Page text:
@Jon deps: Proper hardening involves:
1. Proper use of firewall rules using qvm-firewall

2. Reducing the attack surface by only installing what is needed. Refer to 
usage of debian-minimal and fedora-minimal template in Qubes documentation.

3. Drop INPUT and OUTPUT in sys-net(only do this if you have proper DNS 
resolving mechanisms in place that are not reliant on sys-net, Qubes is reliant 
on sys-net for proper DNS resolutions by default. If you're interested then you 
can start by knowing how to use DNSCrypt proxy made by jedisct1 or using Stubby 
to make a sys-dns qube to do DNS over TLS resolutions.

4. Implementing the use of a VPN in qubes or highly relying on sys-whonix to 
torify your connections.

5. Picking only update sources that you could trust. IDK about debian but in 
fedora, by default, all updates are grabbed from mirrors and alot of those only 
support http which is bloody insecure thanks to being just plaintext and 
susceptible to MITM attacks. This can be changed by modifying 
/etc/yum.repos.d/fedora.repo and fedora-updates.repo
If you're interested in doing this then you can search up a thread I made about 
this here in qubes-users. Just put "Sphere" in search and you will definitely 
find it among the threads I have made.

6. Frequently updating your qubes after making sure you picked a source of 
updates that you can really trust.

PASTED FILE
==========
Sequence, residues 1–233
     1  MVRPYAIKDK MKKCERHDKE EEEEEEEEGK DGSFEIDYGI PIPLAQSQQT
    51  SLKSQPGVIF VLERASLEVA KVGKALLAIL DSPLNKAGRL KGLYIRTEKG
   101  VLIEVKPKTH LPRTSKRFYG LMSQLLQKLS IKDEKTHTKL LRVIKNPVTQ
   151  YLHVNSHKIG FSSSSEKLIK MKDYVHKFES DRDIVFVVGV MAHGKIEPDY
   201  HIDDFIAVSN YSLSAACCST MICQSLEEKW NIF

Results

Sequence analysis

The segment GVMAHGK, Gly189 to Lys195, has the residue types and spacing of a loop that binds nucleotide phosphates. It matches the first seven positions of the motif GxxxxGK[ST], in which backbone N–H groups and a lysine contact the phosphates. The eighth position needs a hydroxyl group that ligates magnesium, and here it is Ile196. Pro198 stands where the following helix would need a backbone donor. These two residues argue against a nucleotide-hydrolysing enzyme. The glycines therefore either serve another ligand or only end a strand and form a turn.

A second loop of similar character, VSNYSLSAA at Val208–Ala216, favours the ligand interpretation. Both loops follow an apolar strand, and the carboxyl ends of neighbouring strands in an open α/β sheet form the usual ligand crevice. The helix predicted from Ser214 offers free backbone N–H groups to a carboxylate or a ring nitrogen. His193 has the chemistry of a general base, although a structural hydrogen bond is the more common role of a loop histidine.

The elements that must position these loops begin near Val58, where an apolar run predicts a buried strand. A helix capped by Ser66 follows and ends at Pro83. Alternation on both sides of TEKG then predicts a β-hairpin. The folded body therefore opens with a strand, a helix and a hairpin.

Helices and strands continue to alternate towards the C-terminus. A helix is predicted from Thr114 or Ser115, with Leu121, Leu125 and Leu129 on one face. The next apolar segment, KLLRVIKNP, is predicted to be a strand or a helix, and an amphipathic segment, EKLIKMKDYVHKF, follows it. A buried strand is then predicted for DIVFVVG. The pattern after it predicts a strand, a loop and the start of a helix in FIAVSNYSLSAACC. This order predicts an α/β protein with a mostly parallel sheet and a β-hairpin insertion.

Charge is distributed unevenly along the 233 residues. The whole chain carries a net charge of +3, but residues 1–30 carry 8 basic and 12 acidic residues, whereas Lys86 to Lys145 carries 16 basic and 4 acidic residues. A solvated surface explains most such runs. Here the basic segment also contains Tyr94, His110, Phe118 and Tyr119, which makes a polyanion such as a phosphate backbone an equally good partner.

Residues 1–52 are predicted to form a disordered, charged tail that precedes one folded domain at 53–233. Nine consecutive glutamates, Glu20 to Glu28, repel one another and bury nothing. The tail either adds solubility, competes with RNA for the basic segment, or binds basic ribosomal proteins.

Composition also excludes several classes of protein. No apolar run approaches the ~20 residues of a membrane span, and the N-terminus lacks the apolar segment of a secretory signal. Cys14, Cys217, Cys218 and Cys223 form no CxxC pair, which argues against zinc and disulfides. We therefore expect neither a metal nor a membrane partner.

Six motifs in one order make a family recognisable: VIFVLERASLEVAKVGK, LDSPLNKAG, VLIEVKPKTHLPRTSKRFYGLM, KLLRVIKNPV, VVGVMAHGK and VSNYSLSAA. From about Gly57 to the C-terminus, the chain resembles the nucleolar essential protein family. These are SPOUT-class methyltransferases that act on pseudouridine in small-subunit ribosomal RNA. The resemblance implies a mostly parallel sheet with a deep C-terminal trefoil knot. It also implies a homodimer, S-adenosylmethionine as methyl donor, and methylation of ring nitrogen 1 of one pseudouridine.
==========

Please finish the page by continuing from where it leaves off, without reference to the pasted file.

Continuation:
"Since the majority of networks assign the actual IP address to you, you
likely won't have much control over that address, and logically the IP
address belongs to the network, not you. Chances are that with a
different MAC address you will not likely be getting the same IP address
each time either, depending of course on how they actually allocate
their addresses. "

@steve.coleman: I would like to add that IP address allocation from the ISP to 
you entirely depends on whether they provisioned you a Modem or a Modem + 
Router combo.

For the case of a Modem, you will be allocated a random IP address from a pool 
of IP addresses the ISP provides on the subnet that you, as a client, was 
allocated to. Some ISPs do not provide it by random and in the case of 
statically assigning you an IP address, they use your modem's MAC address and 
bind it to a specific IP address which effectively becomes your public IP 
address. This is exactly why VPN is very essential for privacy because any 
internet activity that does not go through a VPN could effectively be traced 
back to you by your ISP.

Do note that there has been wide confusion that's still happening about Modems 
and Routers thanks to some devices actually being labelled Modems but in 
reality they are Modem + Router combos that has a DHCP server which provides 
you your private IP addresses (Private IP addresses are IP addresses you use to 
access devices within your local network).

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